Salam Sis Ruhi.   My feedback would be ditto to brother TS.  The boy's past instincts of dating and smoking seem more a matter of concern than the benign magic show performances.  With care and affection, his parents should keep working on orientation & counseling with the boy.  Eighteen is a very impressionable age. His interest in zoom shows will not last forever.  If he doesn't have good orientation of Quranic values, he will at some point want to go out and start those Haram activities again.  The parents need to help him intelligently as much as they can to avoid that.  Though I also realize that parents can only do so much.  If the guy doesn't care for guidance, Allah won't guide him, and none else can help him.  Then he will have to be left to his own devices.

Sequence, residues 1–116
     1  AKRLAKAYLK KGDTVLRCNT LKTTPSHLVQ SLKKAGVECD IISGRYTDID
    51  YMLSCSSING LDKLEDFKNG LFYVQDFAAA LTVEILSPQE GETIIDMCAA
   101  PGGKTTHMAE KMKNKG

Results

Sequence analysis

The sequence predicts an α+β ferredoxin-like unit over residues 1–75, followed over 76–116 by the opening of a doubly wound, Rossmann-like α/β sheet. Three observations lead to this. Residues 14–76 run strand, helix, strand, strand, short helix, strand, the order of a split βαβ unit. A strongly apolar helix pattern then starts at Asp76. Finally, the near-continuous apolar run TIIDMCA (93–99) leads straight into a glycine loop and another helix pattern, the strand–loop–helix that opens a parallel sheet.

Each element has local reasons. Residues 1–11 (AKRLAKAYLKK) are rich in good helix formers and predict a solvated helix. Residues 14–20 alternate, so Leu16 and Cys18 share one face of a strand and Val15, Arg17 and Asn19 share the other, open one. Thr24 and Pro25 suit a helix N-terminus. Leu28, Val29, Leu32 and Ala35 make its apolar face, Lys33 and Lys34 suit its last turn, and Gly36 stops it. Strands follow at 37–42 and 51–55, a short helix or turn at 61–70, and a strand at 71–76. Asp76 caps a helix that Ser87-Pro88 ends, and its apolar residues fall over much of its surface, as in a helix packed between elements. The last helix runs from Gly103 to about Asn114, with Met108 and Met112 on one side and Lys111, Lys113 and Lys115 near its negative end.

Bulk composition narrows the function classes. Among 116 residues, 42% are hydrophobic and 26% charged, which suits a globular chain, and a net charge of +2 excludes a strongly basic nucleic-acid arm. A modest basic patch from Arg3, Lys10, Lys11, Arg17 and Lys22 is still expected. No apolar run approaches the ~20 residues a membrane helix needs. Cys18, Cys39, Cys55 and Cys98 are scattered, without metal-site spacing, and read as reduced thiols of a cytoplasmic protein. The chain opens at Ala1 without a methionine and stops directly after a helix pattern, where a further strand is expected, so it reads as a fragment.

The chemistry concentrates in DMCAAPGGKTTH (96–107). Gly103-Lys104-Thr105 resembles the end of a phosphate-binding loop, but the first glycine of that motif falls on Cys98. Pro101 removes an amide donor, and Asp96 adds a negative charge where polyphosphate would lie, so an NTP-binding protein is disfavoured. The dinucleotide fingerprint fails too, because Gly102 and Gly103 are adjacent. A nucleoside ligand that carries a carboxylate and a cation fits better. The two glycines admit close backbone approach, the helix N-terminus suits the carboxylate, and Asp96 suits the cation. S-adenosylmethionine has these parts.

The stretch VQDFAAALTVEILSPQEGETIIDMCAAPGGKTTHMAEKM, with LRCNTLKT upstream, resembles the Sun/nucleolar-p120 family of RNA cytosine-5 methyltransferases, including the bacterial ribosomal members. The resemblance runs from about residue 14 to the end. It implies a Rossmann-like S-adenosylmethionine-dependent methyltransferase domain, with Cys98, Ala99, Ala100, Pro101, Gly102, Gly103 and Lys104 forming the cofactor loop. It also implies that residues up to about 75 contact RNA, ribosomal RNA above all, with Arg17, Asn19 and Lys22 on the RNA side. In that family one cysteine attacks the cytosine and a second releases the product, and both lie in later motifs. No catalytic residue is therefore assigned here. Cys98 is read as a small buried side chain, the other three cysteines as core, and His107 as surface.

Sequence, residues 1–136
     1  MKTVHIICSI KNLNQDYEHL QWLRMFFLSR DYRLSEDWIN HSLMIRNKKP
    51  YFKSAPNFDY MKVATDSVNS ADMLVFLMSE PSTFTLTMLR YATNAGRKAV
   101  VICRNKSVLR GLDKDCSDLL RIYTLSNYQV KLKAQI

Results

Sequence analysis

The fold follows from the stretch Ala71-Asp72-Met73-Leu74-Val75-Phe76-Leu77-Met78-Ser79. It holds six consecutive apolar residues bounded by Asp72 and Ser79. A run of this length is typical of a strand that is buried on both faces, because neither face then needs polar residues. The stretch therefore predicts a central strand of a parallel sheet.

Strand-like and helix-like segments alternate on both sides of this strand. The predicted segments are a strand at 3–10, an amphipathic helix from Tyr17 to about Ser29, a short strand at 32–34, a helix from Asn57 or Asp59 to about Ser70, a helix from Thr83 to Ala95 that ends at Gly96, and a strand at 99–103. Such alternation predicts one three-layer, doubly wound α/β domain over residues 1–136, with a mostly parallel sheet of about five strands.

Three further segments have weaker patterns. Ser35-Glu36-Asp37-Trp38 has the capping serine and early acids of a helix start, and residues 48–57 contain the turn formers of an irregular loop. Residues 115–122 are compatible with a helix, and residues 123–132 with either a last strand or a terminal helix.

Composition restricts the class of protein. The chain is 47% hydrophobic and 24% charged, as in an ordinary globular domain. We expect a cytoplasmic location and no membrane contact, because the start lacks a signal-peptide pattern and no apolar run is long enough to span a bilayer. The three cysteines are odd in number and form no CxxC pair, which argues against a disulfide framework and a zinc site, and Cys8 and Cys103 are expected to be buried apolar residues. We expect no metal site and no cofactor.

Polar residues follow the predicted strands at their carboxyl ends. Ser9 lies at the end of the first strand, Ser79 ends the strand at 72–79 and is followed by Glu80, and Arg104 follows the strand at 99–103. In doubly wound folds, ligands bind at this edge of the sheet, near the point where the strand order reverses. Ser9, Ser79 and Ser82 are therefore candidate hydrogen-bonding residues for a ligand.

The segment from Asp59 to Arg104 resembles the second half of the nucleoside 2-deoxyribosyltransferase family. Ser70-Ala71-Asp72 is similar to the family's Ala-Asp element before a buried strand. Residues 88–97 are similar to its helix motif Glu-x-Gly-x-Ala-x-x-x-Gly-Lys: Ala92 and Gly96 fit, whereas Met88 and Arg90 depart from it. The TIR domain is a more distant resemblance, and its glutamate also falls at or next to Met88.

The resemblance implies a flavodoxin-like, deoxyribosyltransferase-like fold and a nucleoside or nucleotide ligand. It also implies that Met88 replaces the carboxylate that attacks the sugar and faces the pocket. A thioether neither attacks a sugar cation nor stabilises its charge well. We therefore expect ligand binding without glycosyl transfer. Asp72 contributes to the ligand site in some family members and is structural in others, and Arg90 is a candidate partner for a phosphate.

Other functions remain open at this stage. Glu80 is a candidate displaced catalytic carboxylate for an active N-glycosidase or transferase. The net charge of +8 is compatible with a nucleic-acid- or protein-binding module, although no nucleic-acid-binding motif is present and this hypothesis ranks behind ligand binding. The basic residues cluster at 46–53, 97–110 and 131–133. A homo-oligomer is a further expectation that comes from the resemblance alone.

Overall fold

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« Reply #11 on: October 11, 2021, 06:01:55 pm »



Big thanks dear brother and sister.   I get your point.  I will Insh'Allah convey it to the boy's mom.   Guidance for children is just to important.

Another question on the benign magic show entertainments.  While the harmless magic shows for kids and light hearted audience isn't Haram, I guess one could still label such performers as benign "quacks" right? 😀  So, how do these quacks do their sleight of hand tricks e.g. bird or a little bunny coming out of a handkerchief etc.   For sure it's a pre-planned trick, just wanna know how they go about with it.

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« Reply #12 on: October 11, 2021, 06:22:34 pm »